Editor’s note by Christopher Kimball

The Road to Shangri-La

Back to May-June 2019

16 Illo Cpk

Author James Hilton popularized the notion of Shangri-La in his 1933 novel, “Lost Horizon,” in which a plane crash led to the discovery of a mysterious utopia that offered long life hidden in the mountains of Tibet. When writing this story, Hilton had plenty of Shangri-La myths to choose from for inspiration. Ancient Tibetan scriptures describe seven beyuls, sacred areas of refuge created by Padmasambhava (also known as “the second Buddha”). Another possible source for the myth of Shangri-La is Shambhala, a mythical Buddhist kingdom. Other religions had similar traditions. Jewish sources describe the city of Luz, where the angel of death may not enter.

Over the centuries, explorers have searched for Shangri-La. Two French missionaries, Evariste Régis Huc and Joseph Gabet, traveled between Beijing and Lhasa in the 19th century. Their famous travelogue was first published in 1850, and a later translation—titled “Travels in Tartary, Thibet and China, 1844-1846”—came out in 1928. It’s speculated that this version may have inspired Hilton when he was originally researching his novel.

Despite Shangri-La’s storied elusiveness, many places have laid claim to the title—notably, the Yunnan province of China (in fact, the Yunnan’s Zhongdian county renamed itself Shangri-La in 2001 to attract tourists), as well as Pakistan’s Hunza Valley and China’s Sichuan province.

This reminds me of the search for the Holy Grail, the Fountain of Life, El Dorado and the lost cities of the Amazon. And yet, as archaeological research has proven, many lost cities actually existed. For example, in his book “1491,” science writer Charles C. Mann details evidence of a large pre-Columbian city discovered in Beni, Bolivia, consisting of over 20,000 man-made hills and connected by aqueducts, channels, and terraces. The ruins of the Aztec capital of Tenochtitlán—which was larger than any contemporary European city, with running water and immense markets—were buried underneath the streets of modern-­day Mexico City, only to be rediscovered in the 20th century. During the Northern Song dynasty, China boasted a population of 120 million. At that time, its capital was among the most important cities in the world, housing roughly one million inhabitants within fortified outer walls that stretched for miles.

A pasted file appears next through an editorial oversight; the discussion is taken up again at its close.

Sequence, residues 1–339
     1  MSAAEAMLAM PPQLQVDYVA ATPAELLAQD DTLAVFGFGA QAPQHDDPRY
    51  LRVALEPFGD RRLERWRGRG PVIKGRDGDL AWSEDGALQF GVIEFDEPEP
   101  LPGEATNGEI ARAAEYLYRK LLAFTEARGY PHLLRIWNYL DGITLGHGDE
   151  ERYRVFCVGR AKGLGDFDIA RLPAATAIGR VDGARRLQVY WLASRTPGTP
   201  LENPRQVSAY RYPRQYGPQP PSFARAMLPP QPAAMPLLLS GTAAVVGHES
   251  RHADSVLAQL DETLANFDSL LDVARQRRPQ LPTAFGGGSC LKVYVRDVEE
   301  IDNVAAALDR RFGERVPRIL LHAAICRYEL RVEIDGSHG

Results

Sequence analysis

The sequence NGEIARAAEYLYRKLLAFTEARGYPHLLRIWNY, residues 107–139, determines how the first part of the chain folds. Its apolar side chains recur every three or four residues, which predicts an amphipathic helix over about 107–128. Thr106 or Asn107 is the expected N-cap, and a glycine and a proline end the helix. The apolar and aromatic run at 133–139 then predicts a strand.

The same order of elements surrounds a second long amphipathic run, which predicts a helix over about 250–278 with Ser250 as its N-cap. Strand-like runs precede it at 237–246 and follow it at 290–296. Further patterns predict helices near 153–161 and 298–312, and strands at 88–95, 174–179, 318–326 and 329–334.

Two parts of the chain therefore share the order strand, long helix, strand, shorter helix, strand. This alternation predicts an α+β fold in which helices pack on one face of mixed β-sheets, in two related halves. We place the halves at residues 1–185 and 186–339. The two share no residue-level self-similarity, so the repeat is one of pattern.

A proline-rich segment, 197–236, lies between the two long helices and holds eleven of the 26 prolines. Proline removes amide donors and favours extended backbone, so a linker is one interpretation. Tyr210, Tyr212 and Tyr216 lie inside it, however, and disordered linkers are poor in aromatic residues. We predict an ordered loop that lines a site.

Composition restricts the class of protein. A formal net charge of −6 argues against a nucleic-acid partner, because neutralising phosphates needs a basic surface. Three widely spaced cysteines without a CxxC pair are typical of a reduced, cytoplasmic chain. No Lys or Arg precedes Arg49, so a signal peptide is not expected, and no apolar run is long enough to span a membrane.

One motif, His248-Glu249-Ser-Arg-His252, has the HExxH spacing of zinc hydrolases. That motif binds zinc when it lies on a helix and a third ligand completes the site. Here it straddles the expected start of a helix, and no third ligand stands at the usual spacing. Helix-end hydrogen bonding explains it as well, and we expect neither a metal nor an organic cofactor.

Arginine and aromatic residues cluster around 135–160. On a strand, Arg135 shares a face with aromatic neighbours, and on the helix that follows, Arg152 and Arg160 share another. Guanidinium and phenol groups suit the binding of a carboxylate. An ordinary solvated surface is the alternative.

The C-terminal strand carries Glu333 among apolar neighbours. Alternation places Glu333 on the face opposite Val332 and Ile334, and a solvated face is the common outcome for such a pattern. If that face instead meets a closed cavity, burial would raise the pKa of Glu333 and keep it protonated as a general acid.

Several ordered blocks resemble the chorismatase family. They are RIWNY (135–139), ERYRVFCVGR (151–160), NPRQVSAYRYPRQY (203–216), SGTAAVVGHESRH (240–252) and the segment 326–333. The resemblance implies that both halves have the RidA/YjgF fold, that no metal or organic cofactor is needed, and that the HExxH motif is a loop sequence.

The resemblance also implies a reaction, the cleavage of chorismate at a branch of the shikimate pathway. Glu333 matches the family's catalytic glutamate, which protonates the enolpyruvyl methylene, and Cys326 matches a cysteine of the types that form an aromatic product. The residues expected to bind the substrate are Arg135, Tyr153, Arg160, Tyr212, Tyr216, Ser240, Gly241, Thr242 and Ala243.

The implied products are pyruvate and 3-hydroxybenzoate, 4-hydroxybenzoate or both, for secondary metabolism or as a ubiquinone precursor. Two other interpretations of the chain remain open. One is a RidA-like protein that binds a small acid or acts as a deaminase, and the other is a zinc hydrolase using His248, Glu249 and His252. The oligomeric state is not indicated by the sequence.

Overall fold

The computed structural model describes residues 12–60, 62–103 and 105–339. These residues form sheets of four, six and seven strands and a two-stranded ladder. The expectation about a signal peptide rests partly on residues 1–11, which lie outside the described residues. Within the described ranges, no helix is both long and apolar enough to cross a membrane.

Twenty years ago, I visited the Mayan ruins of Tikal in Guatemala, which were still mostly unexcavated. I climbed one of the large pyramids, looked out over the jungle, and realized just how little we know about those people. Where did the stone come from? How was it cut and transported? What led to the rapid decline of the city? Drought? War? Disease? On the way back to my car, I stopped to purchase a tamale wrapped in corn husks. In the jungle it was twilight, the cook illuminated by a flickering fire, the pyramid rising up into a roseate sky. It was a Mayan Shangri-La.

I suspect that most travel is a search for Shangri-La, a place where time and space are measured differently. One is struck by simple gestures: the way one is greeted with prayerful, clasped hands in Thailand; a welcoming glass of mezcal at a family dinner table in Oaxaca; an invitation to couscous cooked over a fire on the cliffs above Oran, Algeria; or, in the Sahara, black-­robed worshippers perched on sand dunes at sunset, bowing to Mecca. Some of this reflects the tourist urge to romanticize the unfamiliar, but these moments also offer a window into a separate reality.

It is good to remember that cooking is not digital; it’s hands-on. Other cultures think of cooking as more than food preparation—it is often imbued with a philosophy, whether it’s the Buddhist concept of “the right way” or the Japanese notion of washoku, harmony in the kitchen, which includes a spiritual view of cooking and eating; a path to enlightenment.

Maybe it’s time to stop thinking of cooking as a means to an end. Perhaps it is, indeed, the road to Shangri-La.

May-June 2019